Welcome to the AIR Infectious Disease Module! After carefully reviewing all relevant posts from the top 50 sites of the Social Media Index, the ALiEM AIR Team is proud to present the highest quality online content related to infectious disease emergencies. 9 blog posts within the past 12 months (as of September 2019) met our standard of online excellence and were curated and approved for residency training by the AIR Series Board. We identified 1 AIR and 8 Honorable Mentions. We recommend programs give 4.5 hours (about 30 minutes per article) of III credit for this module.
Skin tears are a common injury treated in the elderly in the emergency department (ED). Often the skin is paper thin, and the area involved can have a large flap. By the time the patient has arrived, the may blood have dried with a retracted and rolled-in skin flap. Often the surface area is too big and skin to thin to inject local anesthesia around the entire site.(more…)
A 66-year-old otherwise healthy man presents by Emergency Medical Services (EMS) after being found unconscious on the ground. On arrival to your emergency department, he is back to his baseline normal mental status and without complaints. His vital signs are within normal limits and his physical exam is unremarkable. Is it a syncope? What are the key features of his history and physical exam that should affect your medical decision making? What should this patient’s work-up entail?(more…)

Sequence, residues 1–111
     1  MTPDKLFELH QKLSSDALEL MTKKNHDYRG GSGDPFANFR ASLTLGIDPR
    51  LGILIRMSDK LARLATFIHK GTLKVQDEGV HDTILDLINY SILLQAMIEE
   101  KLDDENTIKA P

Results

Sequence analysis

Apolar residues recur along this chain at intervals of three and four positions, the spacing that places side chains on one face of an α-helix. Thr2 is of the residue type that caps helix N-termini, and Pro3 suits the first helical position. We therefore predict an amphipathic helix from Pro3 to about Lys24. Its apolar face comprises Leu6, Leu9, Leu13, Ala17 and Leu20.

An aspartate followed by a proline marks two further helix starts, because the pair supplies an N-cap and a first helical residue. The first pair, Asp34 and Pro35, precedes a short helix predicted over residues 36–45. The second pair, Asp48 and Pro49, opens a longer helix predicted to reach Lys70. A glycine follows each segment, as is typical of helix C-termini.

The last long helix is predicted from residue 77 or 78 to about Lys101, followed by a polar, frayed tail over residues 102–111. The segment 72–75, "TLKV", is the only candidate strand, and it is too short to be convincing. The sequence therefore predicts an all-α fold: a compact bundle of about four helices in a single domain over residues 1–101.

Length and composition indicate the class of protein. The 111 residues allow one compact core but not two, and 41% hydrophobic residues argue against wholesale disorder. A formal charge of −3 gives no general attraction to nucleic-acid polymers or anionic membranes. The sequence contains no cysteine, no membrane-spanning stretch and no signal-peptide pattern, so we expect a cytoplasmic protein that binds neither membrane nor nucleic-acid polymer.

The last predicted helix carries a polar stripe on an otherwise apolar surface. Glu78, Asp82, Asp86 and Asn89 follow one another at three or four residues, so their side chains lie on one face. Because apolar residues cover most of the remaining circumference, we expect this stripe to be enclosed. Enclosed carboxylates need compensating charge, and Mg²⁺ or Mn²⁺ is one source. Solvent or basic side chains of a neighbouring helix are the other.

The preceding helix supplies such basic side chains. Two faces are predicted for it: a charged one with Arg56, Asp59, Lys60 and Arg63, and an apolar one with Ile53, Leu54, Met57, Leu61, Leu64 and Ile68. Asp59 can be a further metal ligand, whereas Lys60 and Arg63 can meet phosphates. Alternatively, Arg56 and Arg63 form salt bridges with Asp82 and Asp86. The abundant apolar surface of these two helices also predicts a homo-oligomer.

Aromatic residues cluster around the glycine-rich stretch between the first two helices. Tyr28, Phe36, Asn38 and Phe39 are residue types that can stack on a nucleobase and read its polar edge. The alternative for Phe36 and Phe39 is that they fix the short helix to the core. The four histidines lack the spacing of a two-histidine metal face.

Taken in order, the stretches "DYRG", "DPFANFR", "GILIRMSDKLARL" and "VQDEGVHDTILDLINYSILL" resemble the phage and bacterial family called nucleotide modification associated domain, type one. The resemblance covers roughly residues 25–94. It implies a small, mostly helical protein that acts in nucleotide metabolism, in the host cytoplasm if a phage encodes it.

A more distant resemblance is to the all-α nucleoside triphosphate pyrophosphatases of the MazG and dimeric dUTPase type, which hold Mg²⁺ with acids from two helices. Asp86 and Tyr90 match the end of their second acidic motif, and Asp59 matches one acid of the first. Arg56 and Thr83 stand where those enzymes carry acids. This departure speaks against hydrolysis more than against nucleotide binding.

A 3-year-old Hispanic female with no significant past medical or surgical history presents to the Emergency Department with her mother for a 3 day history of crampy abdominal pain, intermittent bloody diarrhea and fever. There has been no recent travel, admissions, or antibiotic use. Her older sister reports similar symptoms, which have resolved. The patient saw her pediatrician the day prior, who recommended supportive care including oral rehydration.(more…)
A 25 year old male with a history of acute myeloid leukemia (AML) after an allogeneic stem cell transplant, which has been in remission for 6 years. He presents with a headache and rash. 4 days ago the patient noticed a rash on the abdomen that was itchy, but not painful. Today, he noticed a similar rash on his face.
The headache started yesterday, waking him up from sleep. It is now slowly getting worse. He endorses chills, nausea, neck stiffness, neck pain, myalgias, and photophobia. He denies fevers, vomiting and phonophobia. He does have small headaches regularly but this headache is one of the most painful of his life. He does not take any immunosuppressants or medications.
A 4 week-old female infant presents due to yellow discharge from her umbilicus and mom noticing a red mass coming from the umbilical area after changing her diaper today. She is a healthy infant born at 40 weeks by vaginal delivery without complications and weighed 6 lbs 1 oz at birth. She is feeding 4 oz of formula every 3-4 hours. She received immunizations at birth and has an established pediatrician.